Review - Watch the Doors as They Close by Karen Lillis

By Joey Pizzolato

One of the perks that comes with this lovely gig is that I get to discover new writers, publishers, and books that I may have not stumbled upon in my usual reading circles.  Last month, a New York based writer found me, and requested I review her novella, Watch the Doors as They Close, from the Spuyten Duyvil Novella Series. 

Watch the Doors as They Close is a woman’s account, in diary form, of her ex-lover Anselm and their relationship together.  Taking place in the latter half of December 2003, the author attempts to organize her confused feelings toward a man who seemed so important to her.   The book reads as if you found the diary on a table in a local coffee shop and stuffed it into your bag—it is at once both intimate and secretive, giving way to a feeling of voyeurism coupled with childish shame for opening such a personal door into the narrator’s life. 

As a writer of fiction and as a reader, I’m always hesitant when I find a story or book written in diary form; but, in this case, I found myself surprised and delighted at the way the story unfolded.  The form lends itself the bigger thematic question at hand: how well do we really know those that are closest to us—our lovers, our friends, our neighbors, and even ourselves?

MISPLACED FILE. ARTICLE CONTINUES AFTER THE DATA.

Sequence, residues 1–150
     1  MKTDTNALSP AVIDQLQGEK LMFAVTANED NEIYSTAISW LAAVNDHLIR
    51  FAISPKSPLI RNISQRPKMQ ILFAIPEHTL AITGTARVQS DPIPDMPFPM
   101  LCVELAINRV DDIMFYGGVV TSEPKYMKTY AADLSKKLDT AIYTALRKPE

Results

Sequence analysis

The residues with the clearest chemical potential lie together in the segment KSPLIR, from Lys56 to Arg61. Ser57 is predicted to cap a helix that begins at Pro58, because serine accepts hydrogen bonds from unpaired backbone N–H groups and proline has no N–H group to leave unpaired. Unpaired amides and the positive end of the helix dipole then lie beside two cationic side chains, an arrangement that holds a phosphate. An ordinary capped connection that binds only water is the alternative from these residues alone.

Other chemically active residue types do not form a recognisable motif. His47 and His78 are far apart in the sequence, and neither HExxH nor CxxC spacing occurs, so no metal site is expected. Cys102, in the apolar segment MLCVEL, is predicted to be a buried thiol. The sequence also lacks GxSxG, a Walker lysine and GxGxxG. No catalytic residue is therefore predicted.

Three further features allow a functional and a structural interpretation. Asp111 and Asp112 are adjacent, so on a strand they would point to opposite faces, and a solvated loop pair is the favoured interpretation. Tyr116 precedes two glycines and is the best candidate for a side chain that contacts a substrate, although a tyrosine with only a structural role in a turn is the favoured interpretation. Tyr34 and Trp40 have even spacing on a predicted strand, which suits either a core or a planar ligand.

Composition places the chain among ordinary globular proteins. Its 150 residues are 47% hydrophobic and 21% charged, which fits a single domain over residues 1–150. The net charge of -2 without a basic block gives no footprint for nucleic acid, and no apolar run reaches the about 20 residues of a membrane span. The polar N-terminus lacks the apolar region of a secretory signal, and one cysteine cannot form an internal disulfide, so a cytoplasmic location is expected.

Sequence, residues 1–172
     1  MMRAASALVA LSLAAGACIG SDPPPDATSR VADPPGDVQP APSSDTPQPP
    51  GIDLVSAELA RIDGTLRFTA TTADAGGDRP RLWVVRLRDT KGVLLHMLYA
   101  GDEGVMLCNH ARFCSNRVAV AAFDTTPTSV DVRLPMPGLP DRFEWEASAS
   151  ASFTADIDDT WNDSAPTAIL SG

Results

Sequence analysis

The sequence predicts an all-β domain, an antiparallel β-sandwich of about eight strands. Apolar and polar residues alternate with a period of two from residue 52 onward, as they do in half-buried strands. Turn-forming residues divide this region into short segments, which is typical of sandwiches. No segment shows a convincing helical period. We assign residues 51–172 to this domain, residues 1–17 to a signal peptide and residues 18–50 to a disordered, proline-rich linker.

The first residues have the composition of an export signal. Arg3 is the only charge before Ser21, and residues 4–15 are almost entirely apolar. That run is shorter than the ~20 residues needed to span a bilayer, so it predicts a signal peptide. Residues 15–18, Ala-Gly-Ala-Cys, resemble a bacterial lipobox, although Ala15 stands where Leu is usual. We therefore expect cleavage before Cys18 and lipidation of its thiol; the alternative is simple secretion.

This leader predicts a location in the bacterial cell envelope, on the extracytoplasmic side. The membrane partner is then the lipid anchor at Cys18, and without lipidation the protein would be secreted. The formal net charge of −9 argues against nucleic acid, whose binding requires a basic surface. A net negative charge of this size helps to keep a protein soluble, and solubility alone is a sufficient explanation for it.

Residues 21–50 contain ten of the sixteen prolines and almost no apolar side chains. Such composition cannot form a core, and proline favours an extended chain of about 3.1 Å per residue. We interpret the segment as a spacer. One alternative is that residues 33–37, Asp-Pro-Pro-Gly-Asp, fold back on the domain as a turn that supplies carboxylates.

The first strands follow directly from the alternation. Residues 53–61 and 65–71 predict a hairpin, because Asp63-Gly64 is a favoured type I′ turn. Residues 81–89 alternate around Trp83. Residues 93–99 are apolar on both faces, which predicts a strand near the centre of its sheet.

As you make your way through the pages of this short novella, it becomes clear to both the female narrator and the reader that she knows little about Anselm, no matter how much time they spent together.  Her understanding of Anselm is predicated on stories he told her about his life, and any and all conclusions she draws from said stories are merely hearsay, and not all that credible at that:

“Now, I think I may be mixing up a few stories, or maybe I’m just putting together stories that were told to me about the same trip at different times.  But if I’m correct, then age 18 was the trip to D.C. where Anselm saw black people for the first time…”

As an emotionally shallow and deeply depressed person, Anselm closes himself off to the narrator, leaving her to draw her own conclusions about his life, his relationships, and his feelings.  But, while Anselm is the central figure in the novella, the narrator is the character that changes—albeit subtly as Christmas approaches.  

And it is through the narrator that we as readers begin to change as well, thinking of those close to us, wondering how well we really know all the people that we might share a meal with, a bed with, or a secret with.  And while Lillis offers no hard and fast rule for us to abide by, we are given the tools to make our own decisions, and the resolve to accept the things we have no control over and cannot change. 

You can get Watch the Doors as They Close in ebook format for $0.99 here or the paperback edition for $10.00 here.   




Joey Pizzolato is our reviews / interviews editor.  He's a writer, photographer, storyteller, and globe-trotter.  His fiction and nonfiction have appeared in a variety of journals, websites, and magazines.  Once upon a time, his series of photographs, "Scribbling into the Ether" was shown at Charles University in Prague, Czech Republic.  He lives in Austin, TX, and currently serves as the literary editor of Composite {Arts Magazine}. (url: ), along with this joint.

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